Nanoparticle drug delivery to the tumor is impacted by multiple factors: nanoparticles must evade clearance by renal filtration and the reticuloendothelial system, extravasate through the enlarged endothelial gaps in tumors, penetrate through dense stroma in the tumor microenvironment to reach the tumor cells, remain in the tumor tissue for a prolonged period of time, and finally release the active agent to induce pharmacological effect. The physicochemical properties of nanoparticles such as size, shape, surface charge, surface chemistry (PEGylation, ligand conjugation) and composition affect the pharmacokinetics, biodistribution, intratumoral penetration and tumor bioavailability. On the other hand, tumor biology (blood flow, perfusion, permeability, interstitial fluid pressure and stroma content) and patient characteristics (age, gender, tumor type, tumor location, body composition and prior treatments) also have impact on drug delivery by nanoparticles. It is now believed that both nanoparticles and the tumor microenvironment have to be optimized or adjusted for optimal delivery. This review provides a comprehensive summary of how these nanoparticle and biological factors impact nanoparticle delivery to tumors, with discussion on how the tumor microenvironment can be adjusted and how patients can be stratified by imaging methods to receive the maximal benefit of nanomedicine. Perspectives and future directions are also provided.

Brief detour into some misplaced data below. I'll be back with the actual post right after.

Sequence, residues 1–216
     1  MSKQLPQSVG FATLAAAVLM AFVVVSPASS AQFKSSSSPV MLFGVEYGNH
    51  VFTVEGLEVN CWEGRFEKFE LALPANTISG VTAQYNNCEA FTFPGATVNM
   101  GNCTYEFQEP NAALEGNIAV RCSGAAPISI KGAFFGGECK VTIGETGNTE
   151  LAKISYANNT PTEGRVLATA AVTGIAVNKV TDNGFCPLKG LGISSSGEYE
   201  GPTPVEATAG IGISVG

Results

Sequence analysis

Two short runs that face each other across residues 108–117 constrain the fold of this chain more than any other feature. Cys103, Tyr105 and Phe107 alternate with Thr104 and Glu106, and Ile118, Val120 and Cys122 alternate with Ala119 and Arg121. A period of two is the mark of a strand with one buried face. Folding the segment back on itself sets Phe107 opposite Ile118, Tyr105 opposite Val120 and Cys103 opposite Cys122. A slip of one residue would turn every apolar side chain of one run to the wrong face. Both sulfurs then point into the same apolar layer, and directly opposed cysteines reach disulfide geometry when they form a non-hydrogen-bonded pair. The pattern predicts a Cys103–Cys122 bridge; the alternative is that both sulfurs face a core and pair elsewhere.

Because of the particular characteristics of the tumor microenvironment and tumor angiogenesis, it is possible to design drug delivery systems that specifically target anti-cancer drugs to tumors. Most of the conventional chemotherapeutic agents have poor pharmacokinetics profiles and are distributed non-specifically in the body leading to systemic toxicity associated with serious side effects. Therefore, the development of drug delivery systems able to target the tumor site is becoming a real challenge that is currently addressed. Nanomedicine can reach tumor passively through the leaky vasculature surrounding the tumors by the Enhanced Permeability and Retention effect whereas ligands grafted at the surface of nanocarriers allow active targeting by binding to the receptors overexpressed by cancer cells or angiogenic endothelial cells. This review is divided into two parts: the first one describes the tumor microenvironment and the second one focuses on the exploitation and the understanding of these characteristics to design new drug delivery systems targeting the tumor. Delivery of conventional chemotherapeutic anti-cancer drugs is mainly discussed.